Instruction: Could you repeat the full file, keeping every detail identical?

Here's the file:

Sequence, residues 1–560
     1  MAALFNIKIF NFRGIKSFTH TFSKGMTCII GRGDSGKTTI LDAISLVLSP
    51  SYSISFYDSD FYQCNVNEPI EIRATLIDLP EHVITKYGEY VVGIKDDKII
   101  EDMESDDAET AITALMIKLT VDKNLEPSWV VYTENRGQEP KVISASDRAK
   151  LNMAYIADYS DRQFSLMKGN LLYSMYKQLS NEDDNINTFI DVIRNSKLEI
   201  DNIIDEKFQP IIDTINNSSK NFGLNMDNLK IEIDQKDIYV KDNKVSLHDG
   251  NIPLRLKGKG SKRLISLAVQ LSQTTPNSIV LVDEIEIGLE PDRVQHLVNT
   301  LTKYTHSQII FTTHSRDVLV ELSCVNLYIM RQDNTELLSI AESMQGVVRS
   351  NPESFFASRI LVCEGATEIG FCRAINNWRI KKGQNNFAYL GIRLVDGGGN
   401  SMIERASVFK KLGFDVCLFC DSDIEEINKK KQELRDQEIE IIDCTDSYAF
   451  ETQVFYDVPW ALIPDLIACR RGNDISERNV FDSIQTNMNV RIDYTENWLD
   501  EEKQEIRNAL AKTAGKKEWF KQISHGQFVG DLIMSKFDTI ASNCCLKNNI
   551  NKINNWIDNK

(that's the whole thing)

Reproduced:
Sequence, residues 1–560
     1  MAALFNIKIF NFRGIKSFTH TFSKGMTCII GRGDSGKTTI LDAISLVLSP
    51  SYSISFYDSD FYQCNVNEPI EIRATLIDLP EHVITKYGEY VVGIKDDKII
   101  EDMESDDAET AITALMIKLT VDKNLEPSWV VYTENRGQEP KVISASDRAK
   151  LNMAYIADYS DRQFSLMKGN LLYSMYKQLS NEDDNINTFI DVIRNSKLEI
   201  DNIIDEKFQP IIDTINNSSK NFGLNMDNLK IEIDQKDIYV KDNKVSLHDG
   251  NIPLRLKGKG SKRLISLAVQ LSQTTPNSIV LVDEIEIGLE PDRVQHLVNT
   301  LTKYTHSQII FTTHSRDVLV ELSCVNLYIM RQDNTELLSI AESMQGVVRS
   351  NPESFFASRI LVCEGATEIG FCRAINNWRI KKGQNNFAYL GIRLVDGGGN
   401  SMIERASVFK KLGFDVCLFC DSDIEEINKK KQELRDQEIE IIDCTDSYAF
   451  ETQVFYDVPW ALIPDLIACR RGNDISERNV FDSIQTNMNV RIDYTENWLD
   501  EEKQEIRNAL AKTAGKKEWF KQISHGQFVG DLIMSKFDTI ASNCCLKNNI
   551  NKINNWIDNK